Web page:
Gone With The Wind

Gone With the Wind boils down to a story about a spoiled Southern girl’s hopeless love for a married man. Producer David O. S… Read More

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Today’s big-budget blockbusters may make bank at the box office, but they don’t come close to the true king of movie grosses, “Gone With the Wind.” More than seven decades after its release, the Oscar-winning film owns the top spot for highest box office when adjusted for inflation. (According to BoxOfficeMojo, the film sold more than 200 million tickets, with its closest competition being “Star Wars” at 178 million.)

So what made “Wind” so successful? Most moviegoers would tell you it was its talented performances or breathtaking storyline. However, perhaps it was something a little different, like, uh…the projection?

One Redditor recently posted what’s supposedly a set of projection instructions for the 1939 classic (the user states that she’s a projectionist and that her “job used to be art, now [she] just push[es] buttons”). Entitled “Concerning the Presentation of ‘Gone With the Wind,’” the four-page report lays out a set of guidelines that makes sure each screening of the film is as good as it can be.

“No time, effort or money has been spared to make ‘Gone With the Wind’ as perfect as possible,” says producer David O. Selznick, in the introduction letter. “But all of the time, money and effort, and all of the new [technology used on the film] will have been in vain if we do not have the complete cooperation of the exhibitor, without whose showmanship and presentation abilities a perfect show is impossible.”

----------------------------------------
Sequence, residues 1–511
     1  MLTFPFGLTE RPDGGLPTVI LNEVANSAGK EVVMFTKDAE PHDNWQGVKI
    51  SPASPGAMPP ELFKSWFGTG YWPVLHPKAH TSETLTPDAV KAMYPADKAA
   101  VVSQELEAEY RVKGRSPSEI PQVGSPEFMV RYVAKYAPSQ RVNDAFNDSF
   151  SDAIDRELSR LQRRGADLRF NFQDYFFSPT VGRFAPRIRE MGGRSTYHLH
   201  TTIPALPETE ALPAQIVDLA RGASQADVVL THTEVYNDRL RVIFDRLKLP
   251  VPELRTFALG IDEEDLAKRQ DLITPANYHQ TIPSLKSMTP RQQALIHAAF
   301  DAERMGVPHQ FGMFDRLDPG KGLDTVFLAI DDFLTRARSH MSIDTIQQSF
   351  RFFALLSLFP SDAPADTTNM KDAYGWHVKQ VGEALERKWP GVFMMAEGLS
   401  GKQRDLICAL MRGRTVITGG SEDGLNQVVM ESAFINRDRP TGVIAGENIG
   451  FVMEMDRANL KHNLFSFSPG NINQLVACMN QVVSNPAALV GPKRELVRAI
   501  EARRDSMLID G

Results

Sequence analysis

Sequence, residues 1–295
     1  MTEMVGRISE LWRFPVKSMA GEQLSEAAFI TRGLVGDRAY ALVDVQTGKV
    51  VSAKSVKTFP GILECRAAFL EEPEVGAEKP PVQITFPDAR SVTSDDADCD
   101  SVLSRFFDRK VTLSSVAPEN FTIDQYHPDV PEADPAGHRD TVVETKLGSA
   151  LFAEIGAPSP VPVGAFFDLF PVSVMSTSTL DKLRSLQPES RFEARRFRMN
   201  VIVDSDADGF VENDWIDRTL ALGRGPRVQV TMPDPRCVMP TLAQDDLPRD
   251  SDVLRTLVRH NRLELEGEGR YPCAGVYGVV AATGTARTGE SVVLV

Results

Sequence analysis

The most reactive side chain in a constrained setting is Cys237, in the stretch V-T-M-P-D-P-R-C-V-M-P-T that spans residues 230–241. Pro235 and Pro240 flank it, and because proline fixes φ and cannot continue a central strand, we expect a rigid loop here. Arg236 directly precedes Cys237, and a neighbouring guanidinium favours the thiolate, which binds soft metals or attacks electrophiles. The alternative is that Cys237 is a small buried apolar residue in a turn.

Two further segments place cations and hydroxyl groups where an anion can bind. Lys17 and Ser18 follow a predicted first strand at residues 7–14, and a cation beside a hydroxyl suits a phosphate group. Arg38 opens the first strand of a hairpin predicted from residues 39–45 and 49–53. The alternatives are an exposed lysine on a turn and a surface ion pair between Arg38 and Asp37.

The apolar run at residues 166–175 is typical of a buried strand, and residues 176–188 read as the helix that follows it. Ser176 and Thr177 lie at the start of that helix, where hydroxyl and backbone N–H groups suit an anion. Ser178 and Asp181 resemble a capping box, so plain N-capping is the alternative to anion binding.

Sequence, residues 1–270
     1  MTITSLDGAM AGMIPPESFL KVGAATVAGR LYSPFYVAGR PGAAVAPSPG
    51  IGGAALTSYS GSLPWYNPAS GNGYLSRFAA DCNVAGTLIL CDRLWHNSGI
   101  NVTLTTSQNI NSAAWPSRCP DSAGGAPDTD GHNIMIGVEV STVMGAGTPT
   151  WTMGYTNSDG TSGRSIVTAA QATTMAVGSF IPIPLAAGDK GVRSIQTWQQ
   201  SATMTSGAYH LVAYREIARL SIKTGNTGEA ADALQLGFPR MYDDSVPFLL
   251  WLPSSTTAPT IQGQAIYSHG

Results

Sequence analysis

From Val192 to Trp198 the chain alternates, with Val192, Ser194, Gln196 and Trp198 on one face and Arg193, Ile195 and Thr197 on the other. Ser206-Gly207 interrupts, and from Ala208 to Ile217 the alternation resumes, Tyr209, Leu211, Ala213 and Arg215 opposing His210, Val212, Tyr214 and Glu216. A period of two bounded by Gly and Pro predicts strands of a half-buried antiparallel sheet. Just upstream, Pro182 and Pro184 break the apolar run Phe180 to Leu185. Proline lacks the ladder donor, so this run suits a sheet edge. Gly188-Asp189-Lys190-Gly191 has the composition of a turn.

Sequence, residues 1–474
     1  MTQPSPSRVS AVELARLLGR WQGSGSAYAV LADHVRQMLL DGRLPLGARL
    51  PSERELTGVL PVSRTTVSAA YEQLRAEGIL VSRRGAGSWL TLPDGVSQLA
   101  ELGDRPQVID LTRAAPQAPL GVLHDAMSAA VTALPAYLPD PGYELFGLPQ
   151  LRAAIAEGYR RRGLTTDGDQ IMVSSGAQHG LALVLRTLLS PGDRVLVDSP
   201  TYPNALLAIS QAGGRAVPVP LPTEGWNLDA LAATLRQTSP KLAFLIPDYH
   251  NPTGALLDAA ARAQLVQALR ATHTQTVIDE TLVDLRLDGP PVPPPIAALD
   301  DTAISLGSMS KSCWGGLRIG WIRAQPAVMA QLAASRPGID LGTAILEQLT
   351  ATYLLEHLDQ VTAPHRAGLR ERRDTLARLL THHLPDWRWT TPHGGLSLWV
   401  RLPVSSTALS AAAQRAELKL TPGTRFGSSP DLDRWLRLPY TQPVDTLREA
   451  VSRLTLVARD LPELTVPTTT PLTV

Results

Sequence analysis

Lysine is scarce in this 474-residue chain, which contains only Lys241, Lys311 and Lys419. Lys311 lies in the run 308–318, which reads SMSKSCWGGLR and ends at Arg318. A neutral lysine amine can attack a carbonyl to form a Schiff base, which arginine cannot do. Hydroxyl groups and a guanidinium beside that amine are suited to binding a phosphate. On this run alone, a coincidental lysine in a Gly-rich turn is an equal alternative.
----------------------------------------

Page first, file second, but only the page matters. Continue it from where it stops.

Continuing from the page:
Hammering home the importance of the presentation, Selznick ends his letter by stating “I shall be personally grateful if you will take the time to read this booklet carefully; and to abide by as many of the suggestions as you will find practicable in your particular theatre.”

So what “suggestions” did the booklet include? From the looks of it, a very specific set of them:

REEL ONE

Reel 1 of Gone With the Wind begins with a 2 minute and 31 second musical Overture preceding the Main Title. During the last 30 seconds of this Overture, it is urged that the house lights be gradually dimmed so that all lights in the auditorium (with the exception of only exit lights required by fire ordinance) will be fully out at the end of this Overture.

And what about during that Intermission?

The curtains should be closed over the INTERMISSION title and the house lights should gradually come up after the curtains are fully drawn. At the end of the title, please close the dowser, but continue running the remainder of the reel, in order to play the Intermission music on the sound track that follows the 30 seconds of silence.

If it is decided that the audience requires more than the 7 minute musical intermission…simply delay the start of Reel 7 accordingly, for as long as your experience dictates that you should increase the intermission.

Then at the end of the almost four-hour movie:

After the END title in Reel 13 there are 13 seconds of silence and black leader, followed by 4 minutes and 15 seconds of EXIT music. The house lights will presumably be gradually turned up following the END title, but because of the color effect of the last shot, it is requested that house lights should not be turned up until immediately after the END title.

Care should be exercised that a slow drawing of the curtains should not commence until “The End” is fully on the screen, as this title comes over a dramatically important pictorial effect.

So, yeah, a little more to projection back in the day than just “pushing buttons,” like with today’s digital players.

There are two photos of the instruction booklet below. You can see the entire thing overhere.

“Gone With the Wind,” which starred Vivien Leigh and Clark Gable, went on to win eight Academy Awards (it was nominated for 13), including Best Picture and Best Director.

[via @reddit]

[Click to enlarge]
 Gone With The Wind Projection Instructions: Rules To Screening The 1939 Classic

[Click to enlarge]
 Gone With The Wind Projection Instructions: Rules To Screening The 1939 Classic

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